Given the current configuration of Congress, the fate of health care is likely to depend, in the end, on the incentives confronting conservative Democrats. If they feel that passage of a particular version of “health care reform” will strengthen their re-election prospects in 2010 or 2012, it will probably pass. If they don’t, it almost certainly won’t. The president, of course, has a role to play in trying to shift those incentives by swaying public opinion. But that’s an indirect route to influence, and one in which he’s competing with a lot of other people who know how to play this game.
10:34 AM - August 19, 2009
The Limits of the ‘It’s Obama’s Fault’ Narrative
Bush didn’t steamroll Congress, either
‘See you on the other side’ - Meet Jessica Lum, a terminally ill 25-year-old who chose to spend what little time she had practicing journalism
#Realtalk: This is the best moment to be in journalism - The old stuff isn’t coming back, but that’s okay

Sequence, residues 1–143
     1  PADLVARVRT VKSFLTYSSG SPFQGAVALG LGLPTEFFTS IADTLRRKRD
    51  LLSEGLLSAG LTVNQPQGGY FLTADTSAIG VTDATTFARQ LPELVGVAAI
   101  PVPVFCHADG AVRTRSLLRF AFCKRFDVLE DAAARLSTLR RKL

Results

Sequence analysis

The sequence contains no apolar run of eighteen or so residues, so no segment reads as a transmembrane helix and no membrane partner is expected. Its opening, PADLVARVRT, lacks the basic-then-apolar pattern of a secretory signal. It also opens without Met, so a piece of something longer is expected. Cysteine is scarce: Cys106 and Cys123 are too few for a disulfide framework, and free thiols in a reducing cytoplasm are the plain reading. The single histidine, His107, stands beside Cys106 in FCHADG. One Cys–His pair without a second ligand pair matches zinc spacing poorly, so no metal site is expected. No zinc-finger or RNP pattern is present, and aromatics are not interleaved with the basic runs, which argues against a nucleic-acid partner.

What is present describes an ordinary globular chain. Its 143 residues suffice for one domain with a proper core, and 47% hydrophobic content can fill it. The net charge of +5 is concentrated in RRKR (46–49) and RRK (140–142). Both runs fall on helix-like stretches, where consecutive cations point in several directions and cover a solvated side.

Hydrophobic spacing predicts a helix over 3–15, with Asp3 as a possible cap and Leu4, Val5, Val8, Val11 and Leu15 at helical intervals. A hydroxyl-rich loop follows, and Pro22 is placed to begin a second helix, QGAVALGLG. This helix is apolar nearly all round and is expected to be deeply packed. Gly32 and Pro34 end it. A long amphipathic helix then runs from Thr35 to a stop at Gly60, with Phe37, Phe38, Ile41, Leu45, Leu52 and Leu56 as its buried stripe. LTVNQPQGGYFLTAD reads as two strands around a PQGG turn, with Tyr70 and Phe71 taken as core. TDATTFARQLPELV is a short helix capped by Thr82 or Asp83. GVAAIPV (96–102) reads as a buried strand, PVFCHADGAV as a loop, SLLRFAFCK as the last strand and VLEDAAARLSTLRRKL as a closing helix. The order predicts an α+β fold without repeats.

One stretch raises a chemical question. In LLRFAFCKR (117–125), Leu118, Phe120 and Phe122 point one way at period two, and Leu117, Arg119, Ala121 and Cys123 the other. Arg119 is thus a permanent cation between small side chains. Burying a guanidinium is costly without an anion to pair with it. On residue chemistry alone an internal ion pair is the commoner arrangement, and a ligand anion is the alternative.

Streams of consciousness - Millennials expect a steady diet of quick-hit, social-media-mediated bits and bytes. What does that mean for journalism?
Sticking with the truth - How ‘balanced’ coverage helped sustain the bogus claim that childhood vaccines can cause autism
An ink-stained stretch - Can Aaron Kushner save the Orange County Register—and the newspaper industry?
The story behind one of the best business models in the country
“What was once genre is now the Zeitgeist”
What to make of the 28-year-old columnist’s contempt for the GOP—and its would-be reformers
Dowd and Fournier and countless others who have launched similar complaints are asking, “Why aren’t we getting what we were promised?”
David Foster Wallace’s 2005 Kenyon commencement speech as a short film
Who Owns What
A report from the Columbia University Graduate School of Journalism
Questions and exercises for journalism students.